I was sick recently, and, as all other activity was clearly beyond my energy level, sank onto the couch for a rare bout of absolutely mindless television consumption.
Free from the guilt involved in trying to productively occupy my time, I tuned in to the MTV show "Teen Mom."
The show is a spinoff of the network's hit program "16 & Pregnant," and follows teen mothers made famous by that show as they raise children while only a few years out of childhood themselves.
I'm a mother of two, and I think my expected response should have been something along the lines of pity. Or perhaps shock at the fact that a mere 17-year-old was raising a child, just like me, while navigating the rocky landscape of teen angst and emotion. While trying to complete high school.
But I felt something very different.
The show's structure revolves around narrated voiceovers and an excess of inane conversations between characters: "I just don't know what's happening, you know?" says one tearful mom to her friend, attempting to make sense of the latest drama with the father of her child. "I know," murmurs her friend in return.
Watching, I almost immediately felt nostalgic for a similar, yet in my humble opinion, far superior, reality series.
So I retrieved a few seasons of "The Hills" from our DVD collection, and spent the remainder of my sick day immersed in the best drama of all time.
I'm a 34-year-old woman, but freely admit that when Natasha Bedingfield's "Unwritten" ("The Hills" theme song) comes on my car radio -- when I've uncharacteristically strayed from my public radio addiction -- I turn it up loud and ache for the sunny streets and celebrity-studded clubs of Los Angeles, a place I have never lived, yet somehow feel I know.
Reality show "The Hills" ran from 2006 until 2010, launching the careers of its star, Lauren Conrad as well as Audrina Patridge, Brody Jenner, Whitney Port and the now-missing-in-action Heidi and Spencer, to name a few. The show had its critics, and understandably so.
The non-believers were always quick to point out the lack of intelligent conversation, vacant stares and seemingly meaningless lives of these LA party girls, glamorized without question, perhaps promoting a skewed set of values to young viewers.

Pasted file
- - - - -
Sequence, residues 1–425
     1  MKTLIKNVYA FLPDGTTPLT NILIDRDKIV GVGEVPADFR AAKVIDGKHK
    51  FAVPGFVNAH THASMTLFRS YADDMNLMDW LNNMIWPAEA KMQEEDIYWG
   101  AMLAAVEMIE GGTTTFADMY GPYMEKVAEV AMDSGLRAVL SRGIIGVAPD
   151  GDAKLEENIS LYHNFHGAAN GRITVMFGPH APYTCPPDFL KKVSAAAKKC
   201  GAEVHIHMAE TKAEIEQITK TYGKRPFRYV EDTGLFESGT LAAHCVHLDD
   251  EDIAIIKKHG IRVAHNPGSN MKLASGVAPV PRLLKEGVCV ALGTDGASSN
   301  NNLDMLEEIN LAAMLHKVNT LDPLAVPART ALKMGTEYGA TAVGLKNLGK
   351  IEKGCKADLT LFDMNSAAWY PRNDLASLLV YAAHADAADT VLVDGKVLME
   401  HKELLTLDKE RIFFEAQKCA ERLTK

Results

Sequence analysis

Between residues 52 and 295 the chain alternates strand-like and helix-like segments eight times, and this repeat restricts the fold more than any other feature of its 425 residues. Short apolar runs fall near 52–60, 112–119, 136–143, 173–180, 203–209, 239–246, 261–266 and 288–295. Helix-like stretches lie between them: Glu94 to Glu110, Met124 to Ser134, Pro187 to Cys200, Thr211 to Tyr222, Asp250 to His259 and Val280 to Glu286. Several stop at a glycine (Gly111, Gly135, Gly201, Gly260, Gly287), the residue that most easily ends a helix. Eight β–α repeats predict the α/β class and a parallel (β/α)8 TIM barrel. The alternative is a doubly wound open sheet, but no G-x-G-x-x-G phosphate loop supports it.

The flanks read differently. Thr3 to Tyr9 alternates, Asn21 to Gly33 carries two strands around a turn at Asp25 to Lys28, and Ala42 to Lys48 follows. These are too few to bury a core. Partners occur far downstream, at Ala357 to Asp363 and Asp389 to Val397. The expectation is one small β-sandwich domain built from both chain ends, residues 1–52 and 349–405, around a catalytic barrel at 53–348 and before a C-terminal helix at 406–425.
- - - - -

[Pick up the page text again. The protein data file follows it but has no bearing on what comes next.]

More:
But criticism aside -- and disagreeing with some, come on, those girls had jobs - the true draw of "The Hills" was its ability to capture friendship in all its doom and glory. And although my life is far from the southern California coast as you can get -- both literally and in mindset -- I identified with those heated and over-emotional moments, as so many "Hills" fan did.
In the fourth episode of Season Three, Heidi is inconceivably engaged to the irritatingly pompous Spencer, further driving a wedge -- perhaps for good -- between her and former BFF Lauren, Audrina's new boyfriend Justin is being a jerk (this will become a theme) and Brody is throwing a beach party.
A day in the life of the privileged, sure. But at episode's end, as Lauren and Audrina sit on a bench overlooking the water, alcohol laden juice concoctions in hand, engaging in a tipsy declaration of love for one another while lamenting personal struggles, I am telling you, I have been there.
Not there on that beach, obviously. Although this summer while attending a wedding in San Diego, I did turn the stereo in our decidedly unglamorous sedan to a Top 40 station, with the volume up high and the windows down, while cruising from event to event.
"Are you, um, pretending you're in 'The Hills'?" asked my husband, eyeing our kids in the backseat and my overflowing diaper bag on the car floor.
"Yup," I replied. "I am."
What I mean is there. There in the throes of friendship, with the girls (now women) who have populated the most important segments of my life.
The time my high school friends and I mobbed a mall kiosk to get the cartilage of our upper ears pierced -- mine didn't last and the thought now makes my stomach turn, but it was all solidarity at the time.
Ordering oversweet, specialized martinis at college in Boston, talking life plans and love lives, launching into premature nostalgia for our university years before they'd even ended.
The close quarters and outrageous social schedule that defined my early twenties in North Carolina, a time marked by new friends and instantaneous closeness as we bonded over first real jobs. We made plans over daily phone calls while driving home: "Are we going out tonight? We should TOTALLY go out tonight!"
I've carried these friendships into adulthood -- as well as made new friends through my family -- and the structure of my life has changed: marriage, children and an inability to start drinking margaritas at 5 p.m. and keep going until two in the morning (most of the time).
Yet the need to maintain these crucial relationships remains, happily carried out over nights out with mom friends or talking over coffee or wine with childhood friends during much anticipated and too infrequent visits.
Despite claims that the show took extreme liberties with the term "reality," my attachment to "The Hills" lies in its seemingly raw moments of friendship, of which there are many; Lauren's emotional goodbye before Whitney moves to New York City, or her much buzzed-about reunion with Heidi at a Hollywood party, after years of turmoil.
My life now, with my husband and two small children, is nothing short of wonderful, but my days often end with a slight backache and inability to do anything but watch the television lineup on offer.
For me, that lineup once included "The Hills," and with that unfailing dose of entertainment, a reminder that I used to compare outfit choices with my roommates at 9 p.m., the night wide open for adventure and heartfelt conversations.
And also, the much-needed reminder that those moments are still ours for the taking.
My friends and I will always have Brody's beach house. Or something like it.
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